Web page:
Up until the official start of the school year, I still felt the usual anxiety around time running out and not being able to accomplish all that needed to be done. But once yesterday was here, I felt a calm come over me. As usual, things popped up that were unexpected, but instead of stressing over whether or not I could finagle the schedule to deal with them, I just kept telling myself that I had plenty of time to figure things out. And so that has been how the last three days have been for me - figuring things out as I go.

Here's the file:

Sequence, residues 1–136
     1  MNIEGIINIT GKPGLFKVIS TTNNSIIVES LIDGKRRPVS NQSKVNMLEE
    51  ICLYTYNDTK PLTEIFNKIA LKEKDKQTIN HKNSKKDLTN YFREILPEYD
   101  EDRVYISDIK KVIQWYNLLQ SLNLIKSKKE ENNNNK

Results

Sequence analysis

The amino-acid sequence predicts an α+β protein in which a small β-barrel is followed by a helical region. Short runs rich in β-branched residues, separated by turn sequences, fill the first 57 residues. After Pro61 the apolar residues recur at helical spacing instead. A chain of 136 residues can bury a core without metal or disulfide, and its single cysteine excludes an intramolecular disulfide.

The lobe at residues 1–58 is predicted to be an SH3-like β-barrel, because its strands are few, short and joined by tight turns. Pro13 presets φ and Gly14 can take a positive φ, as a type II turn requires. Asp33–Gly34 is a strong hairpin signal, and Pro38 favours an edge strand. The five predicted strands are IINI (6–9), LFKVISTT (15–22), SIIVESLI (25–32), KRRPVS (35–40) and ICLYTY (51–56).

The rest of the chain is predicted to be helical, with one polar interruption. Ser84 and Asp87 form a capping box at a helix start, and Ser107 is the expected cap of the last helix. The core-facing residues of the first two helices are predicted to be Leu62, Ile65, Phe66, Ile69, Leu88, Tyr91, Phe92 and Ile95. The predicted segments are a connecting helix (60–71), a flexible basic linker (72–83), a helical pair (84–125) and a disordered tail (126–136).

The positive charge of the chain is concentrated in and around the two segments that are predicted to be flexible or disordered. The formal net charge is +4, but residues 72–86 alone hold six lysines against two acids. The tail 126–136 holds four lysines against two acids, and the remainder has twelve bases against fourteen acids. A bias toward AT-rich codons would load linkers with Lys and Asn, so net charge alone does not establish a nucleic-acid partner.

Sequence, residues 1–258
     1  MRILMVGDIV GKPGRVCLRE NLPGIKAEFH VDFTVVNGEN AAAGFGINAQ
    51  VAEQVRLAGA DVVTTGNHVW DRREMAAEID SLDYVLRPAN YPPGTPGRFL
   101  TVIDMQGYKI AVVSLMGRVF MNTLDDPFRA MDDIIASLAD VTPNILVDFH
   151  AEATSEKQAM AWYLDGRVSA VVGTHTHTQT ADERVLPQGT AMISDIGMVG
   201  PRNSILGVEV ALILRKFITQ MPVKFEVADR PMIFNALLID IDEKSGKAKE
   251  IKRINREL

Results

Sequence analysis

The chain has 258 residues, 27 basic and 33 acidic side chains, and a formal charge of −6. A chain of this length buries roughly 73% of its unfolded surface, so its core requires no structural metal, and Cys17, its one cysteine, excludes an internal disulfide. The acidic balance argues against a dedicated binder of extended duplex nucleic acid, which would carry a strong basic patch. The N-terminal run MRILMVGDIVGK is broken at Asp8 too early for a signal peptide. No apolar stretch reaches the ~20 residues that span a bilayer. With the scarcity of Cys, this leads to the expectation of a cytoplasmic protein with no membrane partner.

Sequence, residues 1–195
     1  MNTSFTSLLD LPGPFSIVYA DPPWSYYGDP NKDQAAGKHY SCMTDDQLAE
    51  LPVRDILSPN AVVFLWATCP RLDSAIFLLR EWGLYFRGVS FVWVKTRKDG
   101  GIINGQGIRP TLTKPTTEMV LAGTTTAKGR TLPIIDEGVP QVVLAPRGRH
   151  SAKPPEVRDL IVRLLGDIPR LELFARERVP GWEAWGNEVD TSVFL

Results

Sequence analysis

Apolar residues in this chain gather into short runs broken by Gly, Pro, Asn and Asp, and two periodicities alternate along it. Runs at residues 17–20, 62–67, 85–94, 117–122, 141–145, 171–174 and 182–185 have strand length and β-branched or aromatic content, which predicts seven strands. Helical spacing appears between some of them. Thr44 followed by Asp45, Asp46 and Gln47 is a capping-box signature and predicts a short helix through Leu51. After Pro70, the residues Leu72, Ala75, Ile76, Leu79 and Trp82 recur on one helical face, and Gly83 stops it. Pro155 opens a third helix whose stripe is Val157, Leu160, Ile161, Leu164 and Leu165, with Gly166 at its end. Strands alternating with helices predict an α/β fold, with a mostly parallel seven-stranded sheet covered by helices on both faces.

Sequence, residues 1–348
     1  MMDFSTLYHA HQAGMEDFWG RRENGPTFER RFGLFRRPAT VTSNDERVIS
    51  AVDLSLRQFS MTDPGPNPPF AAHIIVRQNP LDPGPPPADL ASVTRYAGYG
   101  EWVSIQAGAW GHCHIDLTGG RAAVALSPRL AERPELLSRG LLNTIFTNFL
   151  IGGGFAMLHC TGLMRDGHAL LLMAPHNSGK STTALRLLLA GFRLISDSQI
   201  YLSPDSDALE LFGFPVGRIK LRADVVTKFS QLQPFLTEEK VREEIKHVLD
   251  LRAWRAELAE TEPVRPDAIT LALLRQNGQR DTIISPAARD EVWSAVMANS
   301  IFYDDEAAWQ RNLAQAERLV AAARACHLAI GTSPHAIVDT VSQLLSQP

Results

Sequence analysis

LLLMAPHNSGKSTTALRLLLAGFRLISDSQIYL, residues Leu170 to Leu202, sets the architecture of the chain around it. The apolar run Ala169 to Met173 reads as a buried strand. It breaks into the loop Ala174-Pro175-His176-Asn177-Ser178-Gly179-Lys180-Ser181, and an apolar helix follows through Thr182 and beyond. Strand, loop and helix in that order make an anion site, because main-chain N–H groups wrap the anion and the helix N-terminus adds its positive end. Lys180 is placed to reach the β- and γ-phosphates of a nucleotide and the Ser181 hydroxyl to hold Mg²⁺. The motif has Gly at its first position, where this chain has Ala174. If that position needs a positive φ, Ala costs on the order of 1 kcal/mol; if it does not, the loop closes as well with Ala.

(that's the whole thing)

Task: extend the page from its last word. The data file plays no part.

In preparation for this new journey as a full-time artist, I cleaned out my very messy studio closet. I am the type of person who feels unable to begin a new project unless things around me are in order. It's one of my personality quirks. So, once that closet was cleared and re-organized (a several hour project!) I settled in to working on my MFA proposal for my sixth semester at Heartwood College of Art. Once that was handed-in for mentor perusal, I moved onto studio tasks. A pile of pottery had collected that needed shipping to various places across the U.S. and there were calls to be returned, vending schedules to be worked out, and supplies to be ordered. I'm still working on all these things today, but managed to toss in a kiln bisque load and a short throwing session before the thunderstorm hit. Tomorrow, after a few hours at the potter's wheel, I will hit the road to deliver work for an upcoming solo show at Washington County Community College.